What a difference a year makes. The Christie administration in New Jersey this week introduced new code for special-education services that skipped over most of the hot-button topics on how to serve students with disabilities.
The new administrative code submitted to the State Board of Education on Wednesday contained changes that were mostly technical in nature, officials said.
The one exception was a new requirement enacted by the New Jersey Legislature and signed by Gov. Chris Christie that raised the profile of dyslexia as a reading disorder, although further guidelines remain pending.
Otherwise, the code almost entirely avoided the host of issues that touched off a mini-firestorm of protest from advocates and others a year ago, prompting the administration to pull the proposal.
Among the concerns was the fact that there were different requirements for districts and families, all feeding into the power struggle that can define how schools and parents interact over special education services. For instance, one of the most contentious proposals was over who would serve as case workers for students. That may appear to be a technical detail to some, but actually is a critical decision for families and school districts.
State officials said Wednesday they would put aside those debates for now in proposing the new code, leaving them to a new state-appointed task force that was looking at a variety of issues involving both oversight and funding of special education.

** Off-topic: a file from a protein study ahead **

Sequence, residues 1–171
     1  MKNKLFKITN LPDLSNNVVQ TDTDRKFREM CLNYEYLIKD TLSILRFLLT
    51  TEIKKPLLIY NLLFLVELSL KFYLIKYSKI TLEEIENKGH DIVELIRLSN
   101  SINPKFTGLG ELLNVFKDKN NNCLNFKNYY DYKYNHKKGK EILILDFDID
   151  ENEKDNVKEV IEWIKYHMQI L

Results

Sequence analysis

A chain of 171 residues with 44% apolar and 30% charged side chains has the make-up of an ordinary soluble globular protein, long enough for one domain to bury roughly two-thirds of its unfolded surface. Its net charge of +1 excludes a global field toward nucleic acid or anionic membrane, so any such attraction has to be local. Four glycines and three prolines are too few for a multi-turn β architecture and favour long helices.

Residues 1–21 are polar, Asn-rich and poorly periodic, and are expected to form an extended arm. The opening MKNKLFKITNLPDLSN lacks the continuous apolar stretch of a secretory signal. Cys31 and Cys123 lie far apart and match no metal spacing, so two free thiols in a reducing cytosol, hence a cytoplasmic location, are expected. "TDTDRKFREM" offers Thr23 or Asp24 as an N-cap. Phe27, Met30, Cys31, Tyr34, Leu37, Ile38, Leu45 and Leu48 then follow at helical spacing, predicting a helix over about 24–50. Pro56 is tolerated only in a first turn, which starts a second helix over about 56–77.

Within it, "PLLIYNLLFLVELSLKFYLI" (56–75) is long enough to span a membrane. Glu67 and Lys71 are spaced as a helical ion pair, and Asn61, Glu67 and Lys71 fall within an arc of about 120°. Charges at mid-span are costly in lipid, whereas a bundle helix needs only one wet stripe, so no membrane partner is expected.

That 17-member task force, appointed by Christie and the Legislature, had its first meeting last week.
“As you can see, all the changes are those that are required [under state and federal law], and we will wait for the results of the task force before moving on the others,” said Susan Martz, an assistant education commissioner, before the State Board.
Martz said the changes proposed to the board otherwise were technical or required.
The most notable was the addition of new language to the administrative code that includes the accepted definition of dyslexia as a reading disorder. The amendment came in the enactment of a high-profile package of bills last year that required districts to screen young students for dyslexia and other reading disorders, and also to train teachers in identifying and addressing the disorders.
Advocates for the changes said it was a good start, but also hoped that more guidance would come from the state over how districts are to address the new requirements.
“This is something that kicks in in September,” said Liz Barnes, a member of Decoding Dyslexia, an advocacy group that was prominent in the passage of the bills. “What’s the slow-down? We have people chomping at the bit to how these laws will be put to use.”
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